The Sea of Azov , known in Classical Antiquity as Lake Maeotis, is a sea on the south of Eastern Europe. It is linked by the narrow Strait of Kerch to the Black Sea to the south and is bounded on the north by Ukraine mainland, on the east by Russia, and on the west by the Ukraine's Crimean...

 into the ancient Black Sea basin. By the end of the Pleistocene this would have raised the level of the Black Sea by some 60 to 70 m (196.9 to 229.7 ft) 20 metres (65.6 ft) below its present-day level, and flooding large areas that were formerly available for settlement or hunting. Tchepalyga suggests this may have formed the basis for legends of the great Deluge.

The English Channel Flood 400,000 BP

Originally there was an isthmus across the Strait of Dover
Strait of Dover
The Strait of Dover or Dover Strait is the strait at the narrowest part of the English Channel. The shortest distance across the strait is from the South Foreland, 6 kilometres northeast of Dover in the county of Kent, England, to Cap Gris Nez, a cape near to Calais in the French of...

. During an earlier glacial maximum, the exit from the North Sea
North Sea
In the southwest, beyond the Straits of Dover, the North Sea becomes the English Channel connecting to the Atlantic Ocean. In the east, it connects to the Baltic Sea via the Skagerrak and Kattegat, narrow straits that separate Denmark from Norway and Sweden respectively...

 was blocked to the north by an ice dam, and the water flowing out of rivers backed up into a vast lake with freshwater glacial melt on the bed of what is now the North Sea. A gently upfolding chalk ridge linking the Weald of Kent
Weald
The Weald is the name given to an area in South East England situated between the parallel chalk escarpments of the North and the South Downs. It should be regarded as three separate parts: the sandstone "High Weald" in the centre; the clay "Low Weald" periphery; and the Greensand Ridge which...

 and Artois
Artois
Artois is a former province of northern France. Its territory has an area of around 4000 km² and a population of about one million. Its principal cities are Arras , Saint-Omer, Lens and Béthune.-Location:...

, perhaps some 30 metres (100 feet) higher than the current sea level, contained the glacial lake
Glacial lake
A glacial lake is a lake with origins in a melted glacier. Near the end of the last glacial period, roughly 10,000 years ago, glaciers began to retreat. A retreating glacier often left behind large deposits of ice in hollows between drumlins or hills. As the ice age ended, these melted to create...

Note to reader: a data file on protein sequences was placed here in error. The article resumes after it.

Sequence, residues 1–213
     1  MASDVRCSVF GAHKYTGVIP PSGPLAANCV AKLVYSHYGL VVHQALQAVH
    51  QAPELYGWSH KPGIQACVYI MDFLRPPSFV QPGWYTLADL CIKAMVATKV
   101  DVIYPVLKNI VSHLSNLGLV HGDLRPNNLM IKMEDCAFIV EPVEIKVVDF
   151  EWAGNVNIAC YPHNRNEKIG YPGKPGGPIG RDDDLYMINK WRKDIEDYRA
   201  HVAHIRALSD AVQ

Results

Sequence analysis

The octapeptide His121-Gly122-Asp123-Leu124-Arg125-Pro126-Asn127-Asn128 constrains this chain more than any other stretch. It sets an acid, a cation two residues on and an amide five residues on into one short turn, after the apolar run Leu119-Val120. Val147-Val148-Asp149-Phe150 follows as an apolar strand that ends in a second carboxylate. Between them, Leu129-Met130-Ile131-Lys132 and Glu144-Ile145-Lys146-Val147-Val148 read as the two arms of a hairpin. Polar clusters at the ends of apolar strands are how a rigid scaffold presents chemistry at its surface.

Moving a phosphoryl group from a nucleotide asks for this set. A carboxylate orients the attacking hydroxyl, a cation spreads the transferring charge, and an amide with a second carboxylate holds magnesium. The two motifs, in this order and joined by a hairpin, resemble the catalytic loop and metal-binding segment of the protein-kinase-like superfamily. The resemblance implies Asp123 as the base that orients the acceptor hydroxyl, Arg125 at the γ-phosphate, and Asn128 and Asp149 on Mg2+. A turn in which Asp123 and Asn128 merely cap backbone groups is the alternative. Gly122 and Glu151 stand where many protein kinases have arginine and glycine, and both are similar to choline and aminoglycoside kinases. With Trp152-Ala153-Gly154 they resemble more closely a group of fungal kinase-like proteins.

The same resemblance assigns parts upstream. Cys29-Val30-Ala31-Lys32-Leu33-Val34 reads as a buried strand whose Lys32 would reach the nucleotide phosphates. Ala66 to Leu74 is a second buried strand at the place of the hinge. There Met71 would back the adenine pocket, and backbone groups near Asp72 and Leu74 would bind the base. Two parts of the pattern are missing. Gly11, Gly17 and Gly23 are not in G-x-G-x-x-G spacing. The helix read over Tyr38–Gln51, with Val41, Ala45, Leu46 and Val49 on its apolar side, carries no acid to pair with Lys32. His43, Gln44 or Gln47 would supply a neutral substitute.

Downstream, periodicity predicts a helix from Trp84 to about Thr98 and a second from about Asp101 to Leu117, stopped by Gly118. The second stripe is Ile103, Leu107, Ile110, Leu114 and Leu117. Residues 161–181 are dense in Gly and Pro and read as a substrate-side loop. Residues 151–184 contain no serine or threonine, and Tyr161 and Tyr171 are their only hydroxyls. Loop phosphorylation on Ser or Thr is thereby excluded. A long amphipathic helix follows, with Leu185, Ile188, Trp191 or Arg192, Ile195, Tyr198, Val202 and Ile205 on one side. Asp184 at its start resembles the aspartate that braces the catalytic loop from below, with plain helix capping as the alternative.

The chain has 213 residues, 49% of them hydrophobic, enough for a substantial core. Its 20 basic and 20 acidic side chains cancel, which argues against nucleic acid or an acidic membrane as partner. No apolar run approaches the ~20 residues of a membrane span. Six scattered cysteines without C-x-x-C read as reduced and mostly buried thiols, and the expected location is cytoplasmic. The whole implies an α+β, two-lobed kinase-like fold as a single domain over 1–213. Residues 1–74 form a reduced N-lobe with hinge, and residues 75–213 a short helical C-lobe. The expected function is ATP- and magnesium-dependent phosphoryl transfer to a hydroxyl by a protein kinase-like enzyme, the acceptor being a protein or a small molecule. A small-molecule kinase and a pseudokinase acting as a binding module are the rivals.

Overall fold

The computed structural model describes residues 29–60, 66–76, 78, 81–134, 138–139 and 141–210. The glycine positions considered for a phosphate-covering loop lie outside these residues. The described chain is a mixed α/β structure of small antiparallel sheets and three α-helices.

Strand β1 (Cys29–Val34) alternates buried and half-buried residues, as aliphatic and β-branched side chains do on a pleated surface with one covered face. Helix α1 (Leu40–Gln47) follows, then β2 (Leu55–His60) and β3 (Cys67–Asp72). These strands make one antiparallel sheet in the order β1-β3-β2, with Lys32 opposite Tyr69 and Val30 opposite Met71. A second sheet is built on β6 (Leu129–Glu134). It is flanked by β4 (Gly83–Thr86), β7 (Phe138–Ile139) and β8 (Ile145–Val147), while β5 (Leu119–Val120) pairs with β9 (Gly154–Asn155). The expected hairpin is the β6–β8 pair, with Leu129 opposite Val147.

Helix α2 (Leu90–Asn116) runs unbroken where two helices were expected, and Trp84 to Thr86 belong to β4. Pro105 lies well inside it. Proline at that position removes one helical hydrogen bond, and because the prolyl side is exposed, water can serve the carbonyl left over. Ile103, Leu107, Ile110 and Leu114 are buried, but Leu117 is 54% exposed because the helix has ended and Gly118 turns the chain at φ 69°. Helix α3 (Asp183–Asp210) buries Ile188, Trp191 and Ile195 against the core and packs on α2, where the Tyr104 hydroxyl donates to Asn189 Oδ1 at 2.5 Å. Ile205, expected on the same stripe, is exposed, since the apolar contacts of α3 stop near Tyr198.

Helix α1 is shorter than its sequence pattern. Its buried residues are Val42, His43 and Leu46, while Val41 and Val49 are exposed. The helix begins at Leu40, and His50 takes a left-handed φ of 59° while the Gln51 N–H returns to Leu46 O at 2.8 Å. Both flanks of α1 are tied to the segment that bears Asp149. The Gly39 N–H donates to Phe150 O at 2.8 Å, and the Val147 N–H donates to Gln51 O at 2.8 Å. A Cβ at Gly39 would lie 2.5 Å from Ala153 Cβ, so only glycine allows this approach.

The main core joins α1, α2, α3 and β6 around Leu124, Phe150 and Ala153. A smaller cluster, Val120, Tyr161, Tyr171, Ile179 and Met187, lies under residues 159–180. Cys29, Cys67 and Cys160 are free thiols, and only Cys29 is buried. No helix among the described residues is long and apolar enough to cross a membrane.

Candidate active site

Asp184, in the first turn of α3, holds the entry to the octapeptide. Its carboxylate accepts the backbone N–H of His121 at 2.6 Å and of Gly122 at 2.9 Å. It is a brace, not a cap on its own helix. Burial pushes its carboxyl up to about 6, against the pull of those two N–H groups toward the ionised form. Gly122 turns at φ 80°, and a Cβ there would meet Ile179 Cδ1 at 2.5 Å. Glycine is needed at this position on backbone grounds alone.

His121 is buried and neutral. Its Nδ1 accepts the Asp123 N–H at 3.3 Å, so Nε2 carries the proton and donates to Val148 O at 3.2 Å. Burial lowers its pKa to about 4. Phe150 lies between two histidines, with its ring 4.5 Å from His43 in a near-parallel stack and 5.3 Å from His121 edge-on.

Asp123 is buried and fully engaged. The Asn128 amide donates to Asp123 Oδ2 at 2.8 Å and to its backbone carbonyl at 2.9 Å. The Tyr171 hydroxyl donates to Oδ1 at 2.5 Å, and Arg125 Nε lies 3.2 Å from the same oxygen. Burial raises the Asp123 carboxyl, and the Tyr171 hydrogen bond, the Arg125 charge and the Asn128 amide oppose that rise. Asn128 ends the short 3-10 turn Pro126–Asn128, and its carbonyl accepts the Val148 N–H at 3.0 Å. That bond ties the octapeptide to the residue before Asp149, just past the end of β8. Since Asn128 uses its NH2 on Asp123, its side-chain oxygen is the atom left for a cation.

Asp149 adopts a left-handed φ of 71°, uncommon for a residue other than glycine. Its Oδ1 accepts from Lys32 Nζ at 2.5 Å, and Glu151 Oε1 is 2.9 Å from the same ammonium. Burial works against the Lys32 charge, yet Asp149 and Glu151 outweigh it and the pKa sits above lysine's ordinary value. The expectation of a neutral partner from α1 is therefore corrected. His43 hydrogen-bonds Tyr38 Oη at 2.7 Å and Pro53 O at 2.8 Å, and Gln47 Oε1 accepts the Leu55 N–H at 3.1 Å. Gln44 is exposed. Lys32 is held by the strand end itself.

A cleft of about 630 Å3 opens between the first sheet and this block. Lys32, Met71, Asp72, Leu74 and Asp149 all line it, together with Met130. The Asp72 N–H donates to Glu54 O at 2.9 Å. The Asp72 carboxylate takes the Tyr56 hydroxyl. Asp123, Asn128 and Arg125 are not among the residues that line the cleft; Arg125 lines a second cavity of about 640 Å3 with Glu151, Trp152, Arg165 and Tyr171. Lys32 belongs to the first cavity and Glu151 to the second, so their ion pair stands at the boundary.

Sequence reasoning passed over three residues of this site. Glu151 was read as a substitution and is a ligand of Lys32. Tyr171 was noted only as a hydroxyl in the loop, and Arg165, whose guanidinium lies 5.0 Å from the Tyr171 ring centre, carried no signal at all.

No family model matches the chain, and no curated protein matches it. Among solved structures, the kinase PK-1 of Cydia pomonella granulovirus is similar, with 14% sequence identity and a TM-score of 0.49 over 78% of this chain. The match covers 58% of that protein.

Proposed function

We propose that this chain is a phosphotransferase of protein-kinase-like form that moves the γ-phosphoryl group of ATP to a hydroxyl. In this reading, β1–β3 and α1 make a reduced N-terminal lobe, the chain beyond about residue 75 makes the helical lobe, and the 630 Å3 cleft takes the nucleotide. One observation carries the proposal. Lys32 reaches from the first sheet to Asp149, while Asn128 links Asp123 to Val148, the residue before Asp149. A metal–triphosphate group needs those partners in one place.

at the Strait of Dover
Strait of Dover
The Strait of Dover or Dover Strait is the strait at the narrowest part of the English Channel. The shortest distance across the strait is from the South Foreland, 6 kilometres northeast of Dover in the county of Kent, England, to Cap Gris Nez, a cape near to Calais in the French of...

. At a certain time, and apparently more than once, the barrier failed or was overtopped, loosing a catastrophic flood that permanently diverted the Rhine into the English Channel and replacing the "Isthmus of Dover" watershed by a much lower watershed running from East Anglia
East Anglia
East Anglia is a traditional name for a region of eastern England, named after an ancient Anglo-Saxon kingdom, the Kingdom of the East Angles. The Angles took their name from their homeland Angeln, in northern Germany. East Anglia initially consisted of Norfolk and Suffolk, but upon the marriage of...

 east then southeast to the Hook of Holland and (as at modern sea level) separated Britain from the continent of Europe; a sonar
Sonar
Sonar is a technique that uses sound propagation to navigate, communicate with or detect other vessels...

 study of the sea bed of the English Channel published in Nature, July 2007, revealed the discovery of unmistakable marks of a megaflood on the English Channel seabed: deeply-eroded channels and braided features have left the remnants of streamlined islands among deeply gouged channels where the collapse occurred.

Glacial lake outburst floods in North America (15,000 to 8,000 years ago)

In North America, during glacial maximum, there were no Great Lakes
Great Lakes
The Great Lakes are a collection of freshwater lakes located in northeastern North America, on the Canada – United States border. Consisting of Lakes Superior, Michigan, Huron, Erie, and Ontario, they form the largest group of freshwater lakes on Earth by total surface, coming in second by volume...

 as we know them, but "proglacial" (ice-frontage) lakes formed and shifted. They lay in the areas of the modern lakes, but their drainage sometimes passed south, into the Mississippi system, sometimes into the Arctic, or east into the Atlantic. The most famous of these proglacial lakes was Lake Agassiz